Now that you know the basic terminology we can begin exploring the situation I found myself in that called for this descent into DLL Hell. If you have not reviewed the terminology yet I strongly encourage you go back to Part 1 and do so. In fact it’s not even encouragement. Stop reading and go read it.
The whole labor started with a Custom Authentication Provider for an FTP Server. Nothing too terrible except this server was setup using IIS 6 (the current version is 8). From here it’s just a slippery slope. Fortunately that means less walking and none of that messy business of crossing a river of sticks or paying two gold pieces to get ferried across.
The majority of the problem was due to the fact that IIS is a pre-compiled application and is not open source, therefore you have to compile your Custom Authentication Provider into a DLL and register it in the Global Assembly Cache (GAC) so other applications can use it. Since the GAC is global, Microsoft felt it necessary to include security measures i.e. Strong-Naming. The problem with requiring strong-named assemblies is any third party assemblies referenced also must be strongly named. That’s all good and dandy until the Third Party doesn’t offer a strong-named version of their assembly. Fear not, that’s one of Cerberus’ heads and I’ll be teaching you how to force it into submission. What all this means is minor changes, like changing port numbers in your database connection string requires new assemblies be compiled, named, versioned, and registered in the GAC. This is what I call a Rube Goldberg setup.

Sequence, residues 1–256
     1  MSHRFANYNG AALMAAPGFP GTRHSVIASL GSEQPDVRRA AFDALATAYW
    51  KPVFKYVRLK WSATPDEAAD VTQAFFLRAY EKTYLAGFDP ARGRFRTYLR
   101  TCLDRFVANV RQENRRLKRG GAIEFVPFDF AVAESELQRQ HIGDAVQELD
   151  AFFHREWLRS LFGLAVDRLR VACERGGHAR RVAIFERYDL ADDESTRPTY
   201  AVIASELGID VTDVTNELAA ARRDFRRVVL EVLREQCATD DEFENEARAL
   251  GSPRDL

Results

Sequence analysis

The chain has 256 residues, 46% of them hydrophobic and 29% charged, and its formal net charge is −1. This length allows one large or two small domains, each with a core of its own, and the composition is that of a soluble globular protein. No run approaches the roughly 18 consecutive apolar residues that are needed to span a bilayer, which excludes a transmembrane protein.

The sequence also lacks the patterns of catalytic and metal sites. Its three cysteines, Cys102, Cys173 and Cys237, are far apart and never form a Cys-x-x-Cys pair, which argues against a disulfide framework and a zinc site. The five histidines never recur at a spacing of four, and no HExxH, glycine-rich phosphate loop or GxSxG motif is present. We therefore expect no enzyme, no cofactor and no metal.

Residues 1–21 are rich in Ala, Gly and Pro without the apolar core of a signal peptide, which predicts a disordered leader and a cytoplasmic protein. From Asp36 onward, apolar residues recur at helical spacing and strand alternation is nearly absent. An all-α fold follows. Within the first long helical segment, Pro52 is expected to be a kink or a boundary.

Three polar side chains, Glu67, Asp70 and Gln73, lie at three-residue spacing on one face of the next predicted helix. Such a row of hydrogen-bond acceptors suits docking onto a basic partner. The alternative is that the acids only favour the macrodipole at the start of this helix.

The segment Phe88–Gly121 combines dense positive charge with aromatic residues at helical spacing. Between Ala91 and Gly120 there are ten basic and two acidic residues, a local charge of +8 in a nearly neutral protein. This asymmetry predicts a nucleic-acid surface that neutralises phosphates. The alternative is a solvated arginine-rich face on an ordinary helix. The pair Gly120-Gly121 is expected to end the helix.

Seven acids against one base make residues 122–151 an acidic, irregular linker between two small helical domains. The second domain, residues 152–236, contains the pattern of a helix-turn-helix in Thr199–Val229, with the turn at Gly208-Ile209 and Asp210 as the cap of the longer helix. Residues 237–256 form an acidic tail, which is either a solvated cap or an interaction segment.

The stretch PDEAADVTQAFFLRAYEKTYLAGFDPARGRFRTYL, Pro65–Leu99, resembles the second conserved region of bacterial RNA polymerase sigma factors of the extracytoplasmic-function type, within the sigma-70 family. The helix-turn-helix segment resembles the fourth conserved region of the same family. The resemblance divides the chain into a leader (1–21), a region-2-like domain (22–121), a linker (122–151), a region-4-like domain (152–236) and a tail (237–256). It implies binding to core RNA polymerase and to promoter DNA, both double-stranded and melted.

The second set of problems were caused by a series of upgrades I had performed about a month prior in conjunction with a database upgrade. The database required a new driver, which required a newer version of the .NET Framework and that meant the old DLL would no longer work. Why would the old DLL not work you ask? Good Question! Let me say it in bold since the documentation barely mentions it,
“by default assemblies will only run under the same .NET Framework Version used to compile it.”
Basically, the .NET Framework targeted in Visual Studio i.e. the *.csproj file had best be installed on the computer this assembly will run on otherwise you have just entered the first ring of Dll Hell. I also had the privilege of dealing with such an old version of Microsoft Server the new .NET Framework version wasn’t compatible with the OS. Are you seeing the Herculean feat developing?
If all that were not enough, I had two more problems. The first being all the original developers had either left the company or had not worked on the system in years, so there was no Oracle of Delphi to answer questions. The second as every programmer has probably guessed by now, there were no comments…at all…not a one. I was condemned to complete this labor alone.
I don’t mean for this to sound like I am complaining, cause I’m really not. I just want to express I was new to this whole concept. There were very few quality/applicable resources available and that is what really made this difficult. I couldn’t assume anything so I had to track down every unknown and understand it before I could piece the solution together. To not make this entire post about the problems let’s talk about the resolution.
The high level steps were evident.
The path to completing those steps were not so evident. After discovering and understanding the dependencies detailed above I came up with the following steps that would build bottom up and resolve conflicts on the way.
Next time we start on Cerberus’ first head, Strong-Named Assemblies. The rest of the posts in this series will get into the nitty gritty details of .NET assemblies.